By 2025, Nio says it expects to have 3,700 more battery-swapping stations in China than the roughly 300 or so it has today. That’s bold, because basically every EV maker outside the country has taken to pooh-poohing arguments for it. Once again, from Automotive News:
Having now sold around 120,000 EVs, Nio will make offering more charging stations a priority, President and co-founder Qin Lihong told a media briefing in Shanghai on Friday to mark Nio’s inaugural Power Day.
Range anxiety has been a major hurdle in EV uptake, particularly in a country like China where distances can be vast. Rival Tesla Inc. has built more than 850 so-called supercharging, or fast charging, stations and 6,500 charging piles in China.
Nio has become pretty good at this over the last couple of years, which is encouraging in the face of all the naysayers who remain skeptical that there’s any use for on-the-fly battery swaps in the first place. I’m not saying they’re the solution to all EV’s problems — these stations require massive footprints, and a level of quality control absolutely must be guaranteed so you don’t end up inheriting a lemon of a battery. On the other hand, it’s nice to see someone trying and evidently succeeding at it, instead of standing in the corner of the room with their arms crossed shaking their head, going “I don’t— I don’t know about that.”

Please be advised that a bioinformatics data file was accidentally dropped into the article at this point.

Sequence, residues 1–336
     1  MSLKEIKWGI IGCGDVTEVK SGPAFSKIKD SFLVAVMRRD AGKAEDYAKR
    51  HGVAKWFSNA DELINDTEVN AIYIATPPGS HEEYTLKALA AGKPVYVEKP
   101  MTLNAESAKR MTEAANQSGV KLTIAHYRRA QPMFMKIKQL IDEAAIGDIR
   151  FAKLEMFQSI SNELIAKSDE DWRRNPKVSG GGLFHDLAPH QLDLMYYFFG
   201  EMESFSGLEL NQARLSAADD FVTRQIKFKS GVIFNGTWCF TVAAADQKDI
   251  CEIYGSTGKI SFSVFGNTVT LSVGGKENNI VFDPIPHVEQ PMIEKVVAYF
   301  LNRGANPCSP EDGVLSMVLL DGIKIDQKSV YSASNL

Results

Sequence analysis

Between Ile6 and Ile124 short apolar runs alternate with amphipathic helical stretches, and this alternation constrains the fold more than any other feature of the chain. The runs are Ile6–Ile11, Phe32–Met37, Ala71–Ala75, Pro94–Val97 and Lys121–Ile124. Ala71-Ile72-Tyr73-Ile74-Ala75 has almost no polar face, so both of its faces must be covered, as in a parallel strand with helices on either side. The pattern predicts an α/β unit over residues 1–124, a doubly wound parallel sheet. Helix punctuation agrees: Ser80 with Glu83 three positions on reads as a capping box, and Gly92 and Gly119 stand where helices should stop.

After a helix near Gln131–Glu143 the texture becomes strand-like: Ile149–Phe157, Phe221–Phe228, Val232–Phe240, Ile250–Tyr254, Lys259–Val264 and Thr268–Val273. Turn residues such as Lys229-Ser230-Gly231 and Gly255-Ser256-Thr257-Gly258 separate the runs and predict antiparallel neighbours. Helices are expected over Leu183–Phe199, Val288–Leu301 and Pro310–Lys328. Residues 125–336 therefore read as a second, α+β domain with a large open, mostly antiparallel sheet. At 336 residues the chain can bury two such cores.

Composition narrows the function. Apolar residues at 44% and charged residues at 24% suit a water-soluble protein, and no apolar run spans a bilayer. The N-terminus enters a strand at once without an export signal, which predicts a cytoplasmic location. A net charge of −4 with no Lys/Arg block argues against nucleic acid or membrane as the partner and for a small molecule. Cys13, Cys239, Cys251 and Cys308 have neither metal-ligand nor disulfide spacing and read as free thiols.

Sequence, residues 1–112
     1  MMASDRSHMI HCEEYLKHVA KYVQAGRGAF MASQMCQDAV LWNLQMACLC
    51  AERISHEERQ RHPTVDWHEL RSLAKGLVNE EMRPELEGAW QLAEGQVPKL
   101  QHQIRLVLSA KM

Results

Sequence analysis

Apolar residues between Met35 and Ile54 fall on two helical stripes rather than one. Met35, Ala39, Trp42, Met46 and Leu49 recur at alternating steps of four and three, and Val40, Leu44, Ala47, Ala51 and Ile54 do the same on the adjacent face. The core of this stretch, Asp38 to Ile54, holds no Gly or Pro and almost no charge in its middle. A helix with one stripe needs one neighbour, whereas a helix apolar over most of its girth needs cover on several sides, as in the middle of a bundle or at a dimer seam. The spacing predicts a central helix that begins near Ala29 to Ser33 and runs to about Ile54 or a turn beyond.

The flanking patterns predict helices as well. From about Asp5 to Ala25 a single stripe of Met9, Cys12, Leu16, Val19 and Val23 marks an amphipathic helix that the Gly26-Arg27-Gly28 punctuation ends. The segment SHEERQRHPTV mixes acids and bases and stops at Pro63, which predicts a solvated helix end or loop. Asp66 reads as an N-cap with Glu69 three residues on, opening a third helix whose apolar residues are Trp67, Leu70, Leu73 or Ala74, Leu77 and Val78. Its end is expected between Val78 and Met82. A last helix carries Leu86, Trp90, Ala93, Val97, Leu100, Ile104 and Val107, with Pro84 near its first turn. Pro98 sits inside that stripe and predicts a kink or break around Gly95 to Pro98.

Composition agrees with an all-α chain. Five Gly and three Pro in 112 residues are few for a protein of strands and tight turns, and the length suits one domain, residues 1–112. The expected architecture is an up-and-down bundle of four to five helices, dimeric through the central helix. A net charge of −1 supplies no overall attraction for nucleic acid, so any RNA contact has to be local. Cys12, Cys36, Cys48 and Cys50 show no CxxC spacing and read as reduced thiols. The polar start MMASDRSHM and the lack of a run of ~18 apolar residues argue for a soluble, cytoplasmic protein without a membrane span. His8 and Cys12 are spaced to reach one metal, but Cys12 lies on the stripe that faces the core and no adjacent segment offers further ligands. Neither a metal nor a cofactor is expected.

BMW, noted builder of plane and motorcycle engines and farm equipment, took out advertisements in local papers on July 9, 1929 that it was now in the business of making cars. It’d actually started producing its first model, the Austin 7-based Dixi 3/15, in the previous year. But, you know, news traveled a little slower back then.
It was a fever dream. I can remember flashes of things that happened, but I can’t string them together into any semblance of a coherent whole. There were a fuck ton of magnets, ICP would have loved it. Vin Diesel’s skull busted clear through a doorjamb with nary a scratch, a cut, a bruise on his body. There were many cars but disappointingly few I was surprised to see. It was the best stupid movie I’ve ever watched in a theater.